In the face of recent world events surrounding the COVID-19 pandemic, there is a new interest in life insurance for children. Generally, children have little need for a life insurance policy, except for in special circumstances. So when does it make sense to get life insurance coverage for your child, and are there alternatives?
Learn everything you need to know about child life coverage and shopping policies in 2021. Find out how it works, what you need to know when buying, and the rough-average monthly-premium. And, discover alternative solutions to children’s life insurance that make sense for your family.
Life Insurance for Children in 2021: How it Works and What Its For
Just like standard life insurance – life insurance for children is primarily a form of income protection. So, since a child doesn’t make income, you don’t need life insurance to cover the loss. This logic, however, ignores the financial obligations that accompany anyone’s untimely death, like funeral costs, as well as the potential benefits of investing in a permanent life insurance policy for your child.
In general, there are two umbrella reasons you might want to take out a life insurance policy on your child. The first is if your child has a chronic illness or other medical condition that poses a risk to their lives. The other reason you might take out a life policy on your child is as a form of long-term investment and savings for their future.
These two routes are quite different in the needs that they serve, as well as the general cost of monthly premiums. Breaking down children’s life insurance into these two categories helps you see the benefits, drawbacks, and practicality of both. The biggest difference between life insurance policies for kids is that one is term life and the other is permanent life.
How Does Life Insurance for Kids Work?
The biggest benefit of buying a life insurance policy for your child is if a critical illness of some sort will make it difficult for them to get insurance in their adulthood. When thinking about these policies, they are often whole life insurance and carry significantly higher premiums than that of a term life policy. Whole life insurance policies usually have monthly premiums that cost about 15-times more than the cost of term life insurance premiums.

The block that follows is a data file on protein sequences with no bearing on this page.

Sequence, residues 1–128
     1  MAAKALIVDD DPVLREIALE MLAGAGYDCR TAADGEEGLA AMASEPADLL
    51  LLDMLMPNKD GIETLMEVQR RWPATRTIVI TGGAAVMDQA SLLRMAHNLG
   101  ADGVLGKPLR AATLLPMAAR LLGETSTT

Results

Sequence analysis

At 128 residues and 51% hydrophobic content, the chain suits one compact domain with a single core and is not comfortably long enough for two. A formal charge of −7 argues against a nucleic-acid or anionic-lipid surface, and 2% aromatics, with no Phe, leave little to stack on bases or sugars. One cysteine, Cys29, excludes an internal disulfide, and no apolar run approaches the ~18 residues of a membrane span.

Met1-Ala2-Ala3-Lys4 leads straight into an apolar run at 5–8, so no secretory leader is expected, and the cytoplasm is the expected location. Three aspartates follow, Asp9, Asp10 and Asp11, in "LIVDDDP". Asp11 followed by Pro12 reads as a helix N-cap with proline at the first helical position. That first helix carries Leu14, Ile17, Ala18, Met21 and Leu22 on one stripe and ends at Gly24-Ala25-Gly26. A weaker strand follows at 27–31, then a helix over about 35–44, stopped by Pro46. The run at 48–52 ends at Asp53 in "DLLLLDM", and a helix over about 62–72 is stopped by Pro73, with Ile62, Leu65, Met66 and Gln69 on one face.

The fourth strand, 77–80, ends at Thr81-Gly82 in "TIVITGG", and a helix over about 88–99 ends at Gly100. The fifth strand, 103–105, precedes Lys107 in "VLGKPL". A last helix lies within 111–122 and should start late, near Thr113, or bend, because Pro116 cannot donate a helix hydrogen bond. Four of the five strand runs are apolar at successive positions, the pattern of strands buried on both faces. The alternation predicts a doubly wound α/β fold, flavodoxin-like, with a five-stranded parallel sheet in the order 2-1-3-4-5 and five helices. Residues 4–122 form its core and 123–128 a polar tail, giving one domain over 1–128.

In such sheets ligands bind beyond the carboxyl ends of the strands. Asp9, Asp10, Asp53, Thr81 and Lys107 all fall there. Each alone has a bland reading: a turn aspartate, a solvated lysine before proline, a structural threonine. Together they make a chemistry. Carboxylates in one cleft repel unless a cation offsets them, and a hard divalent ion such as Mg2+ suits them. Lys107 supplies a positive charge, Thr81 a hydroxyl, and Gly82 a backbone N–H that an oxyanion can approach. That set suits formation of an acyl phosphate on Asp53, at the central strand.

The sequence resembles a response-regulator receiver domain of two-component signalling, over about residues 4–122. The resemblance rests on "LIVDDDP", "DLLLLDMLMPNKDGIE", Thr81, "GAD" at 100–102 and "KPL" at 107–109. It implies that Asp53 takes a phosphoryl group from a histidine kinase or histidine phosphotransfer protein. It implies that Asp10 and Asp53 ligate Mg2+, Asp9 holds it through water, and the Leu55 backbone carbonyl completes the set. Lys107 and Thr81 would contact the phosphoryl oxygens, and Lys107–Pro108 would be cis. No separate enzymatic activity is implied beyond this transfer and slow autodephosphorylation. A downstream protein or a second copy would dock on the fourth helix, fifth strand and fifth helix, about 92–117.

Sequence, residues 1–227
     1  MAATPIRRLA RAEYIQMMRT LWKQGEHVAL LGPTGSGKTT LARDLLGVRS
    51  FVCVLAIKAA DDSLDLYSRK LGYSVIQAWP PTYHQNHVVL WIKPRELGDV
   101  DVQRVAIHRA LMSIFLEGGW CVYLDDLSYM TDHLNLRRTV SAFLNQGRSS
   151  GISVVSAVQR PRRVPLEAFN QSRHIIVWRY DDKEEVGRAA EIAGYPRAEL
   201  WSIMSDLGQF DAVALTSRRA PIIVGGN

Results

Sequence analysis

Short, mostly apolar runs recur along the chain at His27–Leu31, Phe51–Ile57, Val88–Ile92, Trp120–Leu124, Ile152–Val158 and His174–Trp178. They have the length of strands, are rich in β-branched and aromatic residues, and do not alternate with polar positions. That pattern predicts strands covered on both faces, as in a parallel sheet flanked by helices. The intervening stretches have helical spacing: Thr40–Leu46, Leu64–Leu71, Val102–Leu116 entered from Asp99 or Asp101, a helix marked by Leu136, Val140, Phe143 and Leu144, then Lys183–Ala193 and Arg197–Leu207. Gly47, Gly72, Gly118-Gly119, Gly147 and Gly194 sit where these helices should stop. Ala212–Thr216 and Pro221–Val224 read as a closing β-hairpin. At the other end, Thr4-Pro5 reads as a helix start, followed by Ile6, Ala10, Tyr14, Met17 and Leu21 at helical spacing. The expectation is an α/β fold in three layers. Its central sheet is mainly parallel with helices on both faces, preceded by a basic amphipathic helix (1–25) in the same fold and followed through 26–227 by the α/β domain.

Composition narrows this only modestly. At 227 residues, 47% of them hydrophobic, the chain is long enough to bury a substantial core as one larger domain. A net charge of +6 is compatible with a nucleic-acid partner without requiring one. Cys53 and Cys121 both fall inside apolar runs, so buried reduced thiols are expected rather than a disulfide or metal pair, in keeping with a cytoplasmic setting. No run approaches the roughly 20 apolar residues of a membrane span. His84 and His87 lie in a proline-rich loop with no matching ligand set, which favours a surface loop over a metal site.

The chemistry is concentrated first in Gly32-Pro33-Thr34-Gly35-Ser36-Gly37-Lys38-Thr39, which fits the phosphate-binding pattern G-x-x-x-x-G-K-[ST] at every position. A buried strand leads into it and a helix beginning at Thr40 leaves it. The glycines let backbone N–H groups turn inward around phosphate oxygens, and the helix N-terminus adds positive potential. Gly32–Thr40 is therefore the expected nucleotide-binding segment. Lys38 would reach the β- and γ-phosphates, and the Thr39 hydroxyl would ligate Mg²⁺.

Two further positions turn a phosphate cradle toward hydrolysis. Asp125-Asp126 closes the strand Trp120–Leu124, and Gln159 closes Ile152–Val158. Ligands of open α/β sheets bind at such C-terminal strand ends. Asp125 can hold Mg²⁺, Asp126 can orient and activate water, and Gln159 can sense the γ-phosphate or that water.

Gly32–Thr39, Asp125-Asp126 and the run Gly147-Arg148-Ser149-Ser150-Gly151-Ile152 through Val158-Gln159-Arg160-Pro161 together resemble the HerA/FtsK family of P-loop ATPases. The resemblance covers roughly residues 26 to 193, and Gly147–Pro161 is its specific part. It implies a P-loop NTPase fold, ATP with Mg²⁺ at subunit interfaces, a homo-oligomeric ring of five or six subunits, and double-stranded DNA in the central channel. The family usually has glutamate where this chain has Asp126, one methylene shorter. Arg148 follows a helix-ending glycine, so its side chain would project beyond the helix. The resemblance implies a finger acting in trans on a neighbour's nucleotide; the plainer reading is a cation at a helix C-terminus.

But, the extra money you spend on a child’s whole life insurance policy is not wasted. They usually carry a cash value in the form of a policy rider, which is accessible by your child in their lifetime. So, in a way, the policy includes a savings account with dividends.
What You Need to Know When Shopping Insurance Companies
That being said – this type of investment is criticized by some economists for having a low rate-of-return, high-rates, and fees that can make these policies untenable. For those able to afford the high-premiums for their lifetime, the benefits remain intact for the life of your child, without any changes based on the state of your health. But, if you are unable to sustain the policy premiums for the duration of the policy – or you transfer the policy to your adult child and they are unable to continue payments – the cash benefit can be significantly impacted.
Most children’s whole life insurance policies max-out at age-18. So, with most insurers, you can still create a policy for a child who is 17 years old. Gerber Life, however, will not create a policy for children over the age of 14, and the policy automatically transfers to the underwritten child when they turn 21.
Is Life Insurance a Cost-Effective Way to Save for My Child’s Future?
If you are looking at a way to save for your child’s future, a whole life insurance policy is certainly a valid route. It provides a death benefit, as well as a savings account that allows you to borrow money against the balance later in your life. So, opening a new policy for a young child can provide a means to pay for expenses in their adulthood, like college.
The main benefit of using a whole life insurance policy to help pay for college is that it is not recognized as a financial asset when calculating your financial aid. Some economists advise against the whole life policy, instead recommending you open a 529 plan to save for your children’s college. The 529 plan, however, does count as an asset in terms of calculating your child’s eligible financial aid.
Whether for future savings or because of an illness, a child life insurance policy is only one way to plan for expenses. And, navigating the options available can be overwhelming without help. Get a free consultation with an insurance associate to learn more about whether you should look into getting life insurance for children in your family.